For Immediate Release, January 25, 2011
Local Taxpayers in Wisconsin Could Save Millions
[Madison, Wisc…] A competitive health care marketplace can yield cost savings for school districts across Wisconsin if school board members don't have a greater loyalty to a particular insurance company than they do to their taxpayers, a new study contends.
An analysis by the John K. MacIver Institute for Public Policy also found that districts who bother to shop around often leave WEA Trust, although it still remains the most popular provider for Wisconsin school districts.
‘Our study’s findings underscore how important it is for every district to shop around for the best health care bargain at every opportunity,” said MacIver Institute President Brett Healy. “Moreover it shows that taxpayer interests are not served by long-term labor agreements which prevent districts from engaging in the vibrant marketplace for health care coverage.”
The study, conducted by the MacIver Institute’s Education Policy Analyst Christian D’Andrea, looked at data provided by the Wisconsin Association of School Boards.
Over the past six years, the average monthly premium cost to districts has risen by over 40 percent.
These inflated prices are a major drain on local school budgets. However, the study indicates they don’t have to be so costly. Data provided by the Wisconsin Association of School Boards (WASB) showed that several districts across the state have been successful at keeping their health care expenses lower and have posted significant savings against the statewide average through careful consumerism. As fiscal responsibility has become more and more important, customer loyalty is beginning to take a backseat to financial savings.
Estimates suggest that if every school district in the state changed their carrier at least once over a six year period, the aggregate annual savings would be over $10.8 million. As more school districts actively shop for better bargains, that figure stands to grow well into the future.
D’Andrea found that six trends emerged when examining the costs and providers amongst Wisconsin’s districts when it came to educator health insurance. They ranged from districts choosing new private vendors over the old guard of WEA Trust to schools saving money by relying on the state employee health care program. However, these trends all pointed to one overarching current – that conscientious school districts can trim costs by shopping around.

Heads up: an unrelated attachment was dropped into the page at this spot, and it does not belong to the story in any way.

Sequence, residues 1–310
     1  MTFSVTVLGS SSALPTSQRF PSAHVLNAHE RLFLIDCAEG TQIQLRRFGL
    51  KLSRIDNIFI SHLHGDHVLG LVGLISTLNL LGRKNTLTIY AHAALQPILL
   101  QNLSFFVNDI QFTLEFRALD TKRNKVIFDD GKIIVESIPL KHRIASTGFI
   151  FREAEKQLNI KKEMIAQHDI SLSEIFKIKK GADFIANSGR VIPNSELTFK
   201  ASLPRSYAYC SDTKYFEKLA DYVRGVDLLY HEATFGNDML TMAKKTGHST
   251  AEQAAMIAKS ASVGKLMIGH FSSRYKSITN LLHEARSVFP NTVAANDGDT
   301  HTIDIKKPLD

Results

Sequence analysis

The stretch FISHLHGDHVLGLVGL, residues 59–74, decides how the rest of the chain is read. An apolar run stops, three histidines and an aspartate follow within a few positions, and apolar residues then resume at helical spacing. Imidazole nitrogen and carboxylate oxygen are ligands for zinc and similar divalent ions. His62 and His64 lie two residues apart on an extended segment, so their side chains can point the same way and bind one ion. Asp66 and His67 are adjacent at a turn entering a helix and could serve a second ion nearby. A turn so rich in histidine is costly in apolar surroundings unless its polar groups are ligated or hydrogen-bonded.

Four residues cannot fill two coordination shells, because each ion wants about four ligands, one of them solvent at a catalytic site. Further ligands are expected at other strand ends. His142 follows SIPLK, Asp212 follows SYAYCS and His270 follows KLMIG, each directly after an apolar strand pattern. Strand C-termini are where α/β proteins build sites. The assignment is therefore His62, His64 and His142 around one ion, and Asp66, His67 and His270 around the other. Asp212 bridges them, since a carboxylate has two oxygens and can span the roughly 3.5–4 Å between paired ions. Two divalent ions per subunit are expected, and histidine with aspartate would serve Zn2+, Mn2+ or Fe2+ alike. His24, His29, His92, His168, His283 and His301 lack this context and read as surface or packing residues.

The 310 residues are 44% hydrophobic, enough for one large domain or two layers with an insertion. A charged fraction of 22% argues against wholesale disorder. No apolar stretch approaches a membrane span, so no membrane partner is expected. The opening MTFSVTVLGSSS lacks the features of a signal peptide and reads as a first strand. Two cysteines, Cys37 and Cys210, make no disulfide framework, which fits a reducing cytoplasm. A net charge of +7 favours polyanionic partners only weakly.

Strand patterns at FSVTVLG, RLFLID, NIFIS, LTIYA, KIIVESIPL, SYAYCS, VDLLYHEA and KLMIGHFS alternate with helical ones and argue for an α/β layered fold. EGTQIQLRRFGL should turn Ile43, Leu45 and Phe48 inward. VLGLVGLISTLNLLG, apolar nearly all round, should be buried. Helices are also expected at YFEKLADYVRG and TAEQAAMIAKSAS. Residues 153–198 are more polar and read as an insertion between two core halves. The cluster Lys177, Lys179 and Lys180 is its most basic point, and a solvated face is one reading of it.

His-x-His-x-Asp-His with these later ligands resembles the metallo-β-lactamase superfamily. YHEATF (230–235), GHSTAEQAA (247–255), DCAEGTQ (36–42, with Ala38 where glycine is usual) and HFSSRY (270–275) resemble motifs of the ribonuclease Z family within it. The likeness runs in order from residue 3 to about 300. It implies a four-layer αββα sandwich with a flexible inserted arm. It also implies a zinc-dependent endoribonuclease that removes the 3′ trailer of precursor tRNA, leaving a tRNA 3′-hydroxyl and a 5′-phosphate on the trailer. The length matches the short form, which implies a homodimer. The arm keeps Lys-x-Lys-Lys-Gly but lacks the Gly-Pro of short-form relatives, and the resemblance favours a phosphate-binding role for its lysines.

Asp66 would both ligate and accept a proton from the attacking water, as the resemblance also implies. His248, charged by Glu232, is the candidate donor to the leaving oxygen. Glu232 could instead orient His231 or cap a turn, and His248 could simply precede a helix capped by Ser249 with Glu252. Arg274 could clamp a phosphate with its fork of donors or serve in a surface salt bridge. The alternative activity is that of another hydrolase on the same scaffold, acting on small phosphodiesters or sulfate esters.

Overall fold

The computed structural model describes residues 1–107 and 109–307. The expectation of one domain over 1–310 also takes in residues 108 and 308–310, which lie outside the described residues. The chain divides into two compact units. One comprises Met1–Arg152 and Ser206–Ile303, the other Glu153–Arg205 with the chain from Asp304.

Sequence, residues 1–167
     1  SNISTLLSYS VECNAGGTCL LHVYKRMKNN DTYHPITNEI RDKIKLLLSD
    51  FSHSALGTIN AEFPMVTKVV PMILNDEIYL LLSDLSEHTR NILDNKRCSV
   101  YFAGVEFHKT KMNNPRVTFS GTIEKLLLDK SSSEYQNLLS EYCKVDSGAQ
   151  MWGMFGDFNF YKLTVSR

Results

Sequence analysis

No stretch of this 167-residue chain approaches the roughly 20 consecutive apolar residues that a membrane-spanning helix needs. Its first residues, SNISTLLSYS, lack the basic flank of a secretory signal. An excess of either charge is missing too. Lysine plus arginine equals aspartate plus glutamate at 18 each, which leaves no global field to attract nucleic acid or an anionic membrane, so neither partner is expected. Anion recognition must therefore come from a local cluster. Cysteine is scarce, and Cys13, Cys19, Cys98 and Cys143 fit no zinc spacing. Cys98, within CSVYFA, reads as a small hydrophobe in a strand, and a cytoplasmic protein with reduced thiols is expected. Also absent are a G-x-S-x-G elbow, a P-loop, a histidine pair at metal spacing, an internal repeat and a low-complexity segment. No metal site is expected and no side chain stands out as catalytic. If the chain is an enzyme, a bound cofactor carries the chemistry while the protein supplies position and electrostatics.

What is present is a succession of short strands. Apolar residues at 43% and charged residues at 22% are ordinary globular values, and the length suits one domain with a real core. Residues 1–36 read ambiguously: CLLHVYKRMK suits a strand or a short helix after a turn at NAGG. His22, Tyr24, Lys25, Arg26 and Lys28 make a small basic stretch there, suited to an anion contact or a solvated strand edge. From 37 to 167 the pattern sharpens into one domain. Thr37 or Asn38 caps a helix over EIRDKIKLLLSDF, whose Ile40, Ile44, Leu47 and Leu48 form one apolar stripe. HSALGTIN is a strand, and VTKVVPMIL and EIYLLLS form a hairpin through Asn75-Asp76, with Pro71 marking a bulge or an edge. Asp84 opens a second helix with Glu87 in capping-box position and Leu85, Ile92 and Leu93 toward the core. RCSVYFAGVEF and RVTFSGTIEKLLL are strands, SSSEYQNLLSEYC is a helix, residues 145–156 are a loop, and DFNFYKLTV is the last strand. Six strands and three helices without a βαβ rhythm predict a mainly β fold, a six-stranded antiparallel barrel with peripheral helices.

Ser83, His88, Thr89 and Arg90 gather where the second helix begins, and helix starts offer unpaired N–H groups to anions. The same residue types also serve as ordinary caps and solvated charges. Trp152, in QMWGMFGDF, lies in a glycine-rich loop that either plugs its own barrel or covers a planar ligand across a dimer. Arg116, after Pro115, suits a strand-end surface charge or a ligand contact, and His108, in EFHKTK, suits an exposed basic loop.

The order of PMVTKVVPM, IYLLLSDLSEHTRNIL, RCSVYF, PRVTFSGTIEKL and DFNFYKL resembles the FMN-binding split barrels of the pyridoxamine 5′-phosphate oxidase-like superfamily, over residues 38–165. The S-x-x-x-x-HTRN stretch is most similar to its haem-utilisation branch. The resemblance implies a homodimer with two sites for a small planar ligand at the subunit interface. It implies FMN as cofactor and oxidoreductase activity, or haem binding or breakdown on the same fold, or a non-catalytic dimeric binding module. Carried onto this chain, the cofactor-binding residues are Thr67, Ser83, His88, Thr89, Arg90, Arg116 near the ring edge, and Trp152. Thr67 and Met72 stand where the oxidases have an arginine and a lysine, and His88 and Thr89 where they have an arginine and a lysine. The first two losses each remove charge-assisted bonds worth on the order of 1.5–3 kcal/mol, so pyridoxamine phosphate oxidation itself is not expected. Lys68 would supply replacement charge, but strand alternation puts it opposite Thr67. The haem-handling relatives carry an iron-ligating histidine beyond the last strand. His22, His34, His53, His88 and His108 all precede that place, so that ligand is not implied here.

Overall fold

While the average teacher health care plan’s price rose over 40 percent for individuals and over 41 percent for families, districts that migrated from WEA Trust to a different carrier saw their costs go up by approximately 25 for individual plans and 29 percent families, respectively.
“These results favor an open market and competitive bidding, with districts taking advantage of emerging carriers and locking into short-term contracts to ensure the best possible rates,” said Healy. “Any district that either doesn’t shop around or agrees to contracts longer than a couple of years may be doing so to the detriment of their taxpayers.”
The MacIver study examined WASB’s data and showcases the good and bad of Wisconsin’s teacher health insurance programs between 2004 and 2010. It found that districts that actively pursued less expensive health care often got it. As a result, more and more private vendors have emerged to service this market, and this has further rewarded frugal school boards.
WASB did not commission the study, approve of the methodology or see the results prior to publication.